The Stuff that Dreams are Made On A Reflection on Genesis 28:10-17
Bruce G. Epperly
Insight can come to anyone, at anytime, and at any place. Jacob was a surprising person to have an encounter with the Living God, the Voice and Vision that inspired his grandparents, Abraham and Sarah, to leave Haran in search of their promised land. Names meant something to the ancients and Jacob was not just a pretty name; it meant among other things: “supplanter,” “holder of the heel” (of his older twin Esau), “trickster,” “schemer,” and “con man.” Ironically, some translations imply that the name Jacob also meant “one who God protects.” Jacob was not the sort of person you’d enter into a business deal with – not unless you kept your eyes open and your hand on your wallet. Jacob once tricked his brother out of his inheritance, and had to skip town quickly to avoid Esau’s wrath! Later he made a fortune on a shady business deal with his father-in-law, Laban, profiting at his father-in-law’s expense.
But, somehow, even tricksters get a portion of divine inspiration. The ancients also believed in the power of dreams to create alternative realities and open up new pathways of possibilities. Long before Sigmund Freud and Carl Jung, the biblical tradition saw dreams as vehicles communicating divine wisdom to human beings.
As the story goes, the night falls and Jacob looks for a convenient place to rest. He finds a stone for a pillow and lays down to sleep. Jacob dreams of a ladder of angels, ascending from earth to heaven and then back again to earth. In the midst of the dream, he hears God’s Voice, and receives the promise of divine protection and prosperity. When he awakens, Jacob knows that he has been singled out by the Voice and Vision, and exclaims with a sense of fear, trembling, and awe, “God was in this place - and I did not know it!” Overcome with wonder, he confesses, “How awesome is this place. This is none other than the house of God, and this is the gate of heaven.” Jacob named the place “Beth-El” or “Bethel,” the house of God.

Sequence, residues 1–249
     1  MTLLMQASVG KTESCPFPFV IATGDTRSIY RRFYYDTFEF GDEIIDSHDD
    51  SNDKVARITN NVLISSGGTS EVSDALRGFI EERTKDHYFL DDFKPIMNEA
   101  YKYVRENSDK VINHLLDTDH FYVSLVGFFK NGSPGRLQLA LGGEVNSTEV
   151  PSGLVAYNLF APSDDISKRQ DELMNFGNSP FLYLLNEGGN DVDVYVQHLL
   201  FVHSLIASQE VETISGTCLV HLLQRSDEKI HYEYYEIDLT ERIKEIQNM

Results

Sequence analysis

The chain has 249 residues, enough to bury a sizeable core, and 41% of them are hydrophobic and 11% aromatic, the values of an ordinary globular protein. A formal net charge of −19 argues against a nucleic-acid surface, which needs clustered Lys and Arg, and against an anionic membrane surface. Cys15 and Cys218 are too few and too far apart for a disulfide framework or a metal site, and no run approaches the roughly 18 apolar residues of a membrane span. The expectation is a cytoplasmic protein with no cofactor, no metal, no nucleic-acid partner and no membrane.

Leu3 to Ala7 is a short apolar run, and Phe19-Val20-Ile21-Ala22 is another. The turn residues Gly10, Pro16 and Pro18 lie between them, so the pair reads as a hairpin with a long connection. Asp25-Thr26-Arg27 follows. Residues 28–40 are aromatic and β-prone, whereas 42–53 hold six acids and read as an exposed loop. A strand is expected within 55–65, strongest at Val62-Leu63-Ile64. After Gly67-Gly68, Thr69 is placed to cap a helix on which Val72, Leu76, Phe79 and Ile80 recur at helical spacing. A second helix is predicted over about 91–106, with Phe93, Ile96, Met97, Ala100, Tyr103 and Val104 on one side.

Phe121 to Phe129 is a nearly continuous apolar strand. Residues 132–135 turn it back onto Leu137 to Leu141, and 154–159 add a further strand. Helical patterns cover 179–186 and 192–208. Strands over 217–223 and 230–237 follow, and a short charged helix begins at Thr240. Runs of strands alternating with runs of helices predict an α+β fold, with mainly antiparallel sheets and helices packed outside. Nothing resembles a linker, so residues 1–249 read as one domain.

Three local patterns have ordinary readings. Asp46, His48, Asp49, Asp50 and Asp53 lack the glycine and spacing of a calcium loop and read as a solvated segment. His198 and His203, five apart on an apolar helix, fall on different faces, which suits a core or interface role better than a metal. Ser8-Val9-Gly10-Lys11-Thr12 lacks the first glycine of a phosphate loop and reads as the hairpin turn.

The Celts, who lived in Ireland and Scotland, have a word for such holy places. They call them “thin places,” environments where heaven and earth meet, and where we experience the holiness of life. William Blake, the British poet, asserted in the Marriage of Heaven and Hell that “if the doors of perception were cleansed, everything would appear to man [sic.] as it is, infinite.”
Jacob’s dream gives us a glimpse at the nature of inspiration or insight – what religious people often call “revelation.” Inspiration is global. Holiness can be experienced everywhere and anywhere. But, it is also variable and local, differing in intensity and value, and always occurring to concrete people in concrete settings. Inspiration can come through a dream, but also through what Jung called “synchronicity,” meaningful coincidences or moments in your life. Inspiration can come through hunches, intuitions, encounters, and sometimes even visionary experiences.
Jacob proclaims “God was in this place – and I did not know it!” Perhaps, every place is “Beth-El,” the house of God, the place of insight and inspiration, and we, too, just don’t know it! Spiritual experiences emerge when – as a result of spiritual practices such as prayer, meditation, worship, and hospitality, or by surprise with any preparation – we experience holiness, divinity, inspiration and love, more than we imagined. Then, we see things with clearer perception and discover the infinity of every moment as revealing the unhindered Voice and Vision.